Submit to FacebookSubmit to Google PlusSubmit to StumbleuponSubmit to TechnoratiSubmit to TwitterSubmit to LinkedIn


By Angie Willcocks, Mining Family Matters psychologist

For families around the world, Christmas is a time of eager anticipation. I know that for many FIFO families, though, the countdown to 25 December involves preparing to spend Christmas away from your family and friends – and perhaps for the first time.

It can be tough sometimes when you're away from loved ones for major family celebrations like these, so here are my tips to help you cope with working away at Christmas:

  • Get organised ahead of time. Don’t use working away as an excuse to get out of present buying! Get pressies and cards organised ahead of time for the people who are most special to you. This isn’t just about the gift; it’s about feeling connected.
  • Think about what Christmas really means to you. If you’re a practicing Christian, take some time out on Christmas Day to watch a Christmas service on the television or online. If the religious stuff isn’t what makes Christmas important to you, move the family celebration to another day.
  • Make firm dates and plans to catch up with your loved family and friends when you’re next home. Prioritise the people you really want to see. This will give you something to look forward to.
  • Spoil yourself. Take a little bit of your favourite food or drink with you so the day feels a bit special.
  • Connect with others on site. Don’t be tempted to just shut yourself off from others. You’ll feel a bit better, and the day will pass more quickly, if you’re with others who are in the same boat.
  • Think ahead of time about what will work best on Christmas Day in terms of Skyping or calling home. Obviously this will depend on your roster for the day, and the family’s plans, but it should also depend on what’s easiest for you all emotionally. There is no 'right' answer to this one.
  • Watch your thinking and try not to feel too sorry for yourself. Don't fall into the trap of thinking "poor me" and imagining everyone else in the world laughing merrily with their families. This way of thinking is unhelpful as well as unrealistic. Plenty of people have to work Christmas Day (like hospital staff, pilots and those in hospitality to name just a few) and not everyone is laughing happily with their families Christmas Day!
  • Don't be tempted to drink more alcohol to help you 'cope' with your feelings of sadness or loneliness. Alcohol is a central nervous system depressant. This means that too much will have you feeling sadder, not happier. If you’re finding your feelings particularly hard to cope with and don’t want to upset your partner or friends by telling them how bad you're feeling, call Lifeline to chat with a trained volunteer telephone counsellor: 13 11 14.
  • Concentrate your thoughts on the things you have to be thankful for: like having a job to go to and family and friends to miss.
  • Give. Think about a charity, organisation, family or individual you know who is having a hard time. Send a donation, card, letter or text to show your support at Christmas.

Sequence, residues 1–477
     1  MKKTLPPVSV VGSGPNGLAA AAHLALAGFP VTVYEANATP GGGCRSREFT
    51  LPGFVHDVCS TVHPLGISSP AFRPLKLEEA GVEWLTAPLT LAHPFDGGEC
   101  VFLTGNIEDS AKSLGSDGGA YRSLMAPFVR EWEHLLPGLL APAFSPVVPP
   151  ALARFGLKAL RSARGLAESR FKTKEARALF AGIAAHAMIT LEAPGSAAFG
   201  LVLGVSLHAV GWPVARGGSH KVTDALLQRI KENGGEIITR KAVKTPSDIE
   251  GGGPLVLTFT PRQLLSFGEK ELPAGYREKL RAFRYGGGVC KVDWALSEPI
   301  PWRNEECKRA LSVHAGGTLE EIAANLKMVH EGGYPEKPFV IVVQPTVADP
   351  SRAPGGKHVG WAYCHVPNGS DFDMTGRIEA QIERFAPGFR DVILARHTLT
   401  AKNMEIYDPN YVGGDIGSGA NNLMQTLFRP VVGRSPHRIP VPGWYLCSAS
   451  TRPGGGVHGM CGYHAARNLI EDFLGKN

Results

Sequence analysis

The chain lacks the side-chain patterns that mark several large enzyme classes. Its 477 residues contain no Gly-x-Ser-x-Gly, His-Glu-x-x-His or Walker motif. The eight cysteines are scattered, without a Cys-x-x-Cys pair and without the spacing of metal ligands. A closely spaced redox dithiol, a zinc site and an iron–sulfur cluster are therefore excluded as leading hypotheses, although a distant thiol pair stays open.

Tips for those at home

  • Make a plan to celebrate Christmas with family and friends on another day. A lot of FIFO families tell me that they actually like doing this, because the alternative ‘Christmas Day’ is always a bit more relaxed than the actual day. Plus, all the Christmas stuff is much cheaper after 25 December!
  • Watch your thinking and remain positive. Try not to keep thinking about what you’ll be missing out on, but think instead of what you have to look forward to when your partner is next home.
  • On this note, plan and book in something extra special for when your partner is next home. Put it in the diary.
  • Get organised well ahead of time to send your partner a 'care package' with some Christmas bits and pieces to open on the day. You can either post your package up to the site, or stash it away in your partner’s bag.
  • Model positive coping for your children by acknowledging your feelings, but then finding things to do that help you feel a bit better (like putting together the care package: this is something special that kids love to help with).
  • Talk with your partner ahead of time about what will work best for you all on the day. When and how you can connect will depend on their roster obviously, but you should also have a think about what will be easiest for you all to cope with.
  • Surround yourself with positive people who understand your lifestyle. It’s unhelpful to keep hearing how terrible it is that your partner/the kid’s mum or dad is going to be away for Christmas. Avoid the 'what are you doing at Christmas?' conversation with those people.
  • Ask for (or pay for) practical help around the house to reduce the pressure on you and your partner around the Christmas period.
  • Practise gratefulness. In the lead up to Christmas, practise thinking of three things each day that you’re thankful or grateful for.
  • Give. Think about a charity, organisation, family or individual you know who is having a hard time. Send a donation, card, letter or text to show your support at Christmas.

Mining Family Matters aims to break down the barriers of isolation and the stresses of living away from family and friends. Although this website provides general advice from a psychologist, the content should never be regarded as a substitute for professional health services or crisis services. Always speak to your doctor or specialist provider for advice on a specific medical condition. If you are depressed and require urgent assistance, call 9-1-1 or visit the Canadian Mental Health Association website at

Psychologist Angie Willcocks is an expert at helping families deal with the pressures of life in mining, oil and gas. To ask Angie a question, write via our 'contact us' page. It’s free! And to read other Angie articles, please click here.